Stepping Westward does for the sixties what David Lodges Changing Places did for the seventies.--This text refers to an out of print or unavailable edition of this title.
There isn't a great deal of profundity in this novel, but it's a good read, laced with humour, and the 400 pages turn quickly. Bradbury's love of America often shines through, even when poking fun at the USA.
As a transatlantic university novel, however, David Lodges's "Changing Places" is far superior.
Englishman James Walker, a struggling writer, is invited to Benedict Arnold University, in the American town of Party (oh, the hilarity of invented names), to be writer-in-residence for the year. He accepts the offer and moves to the States, where the English department is peopled with all brands of stereotypical American academics, from tight-collared traditionalists to spouse-swapping wannabe radicals. Comedy ensues.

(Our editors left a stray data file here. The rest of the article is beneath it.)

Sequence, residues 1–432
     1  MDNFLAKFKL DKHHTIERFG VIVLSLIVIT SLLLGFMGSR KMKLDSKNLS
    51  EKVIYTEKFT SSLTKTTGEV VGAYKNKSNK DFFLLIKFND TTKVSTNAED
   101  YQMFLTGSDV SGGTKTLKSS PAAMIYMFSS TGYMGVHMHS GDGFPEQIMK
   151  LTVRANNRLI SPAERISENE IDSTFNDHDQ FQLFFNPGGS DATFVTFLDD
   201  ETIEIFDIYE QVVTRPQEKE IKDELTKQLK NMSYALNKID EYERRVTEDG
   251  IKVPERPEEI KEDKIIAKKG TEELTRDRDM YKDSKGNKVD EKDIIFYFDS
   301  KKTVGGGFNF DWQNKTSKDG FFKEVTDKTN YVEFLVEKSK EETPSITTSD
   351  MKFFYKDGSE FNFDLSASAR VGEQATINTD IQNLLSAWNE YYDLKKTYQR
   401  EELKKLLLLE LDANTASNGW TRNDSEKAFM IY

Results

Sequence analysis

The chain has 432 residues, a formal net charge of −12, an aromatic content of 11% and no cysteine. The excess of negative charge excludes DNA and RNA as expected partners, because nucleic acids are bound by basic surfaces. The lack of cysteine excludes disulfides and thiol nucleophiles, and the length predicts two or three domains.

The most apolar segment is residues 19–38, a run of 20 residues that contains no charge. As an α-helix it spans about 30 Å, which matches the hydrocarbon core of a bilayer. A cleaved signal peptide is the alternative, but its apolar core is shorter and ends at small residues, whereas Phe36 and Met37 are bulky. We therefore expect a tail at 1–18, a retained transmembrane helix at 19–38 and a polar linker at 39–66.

There is a great deal of situational humor in this book, largely of the fish-out-of-water, culture-shock variety, with America representing the free-wheeling bedlam and Walker the congenitally repressed Brit, but it's simply not enough to drive the novel to its end, and the later chapters drag. When, at the story's close, Walker boards his England-bound ship, it is quite unclear whether the book's events will leave any lasting impression on him, or on the novel's reader.
As an American academic, I appreciated much of the humor in "Stepping Westward," and found myself nodding my head in agreement, even at some of the sillier moments. If you have an interest in these sorts of academic gags (like the novels of David Lodge, for example), then I'm guessing you'll enjoy this book (if and when it comes back into print). If not, I really wouldn't recommend it too strongly.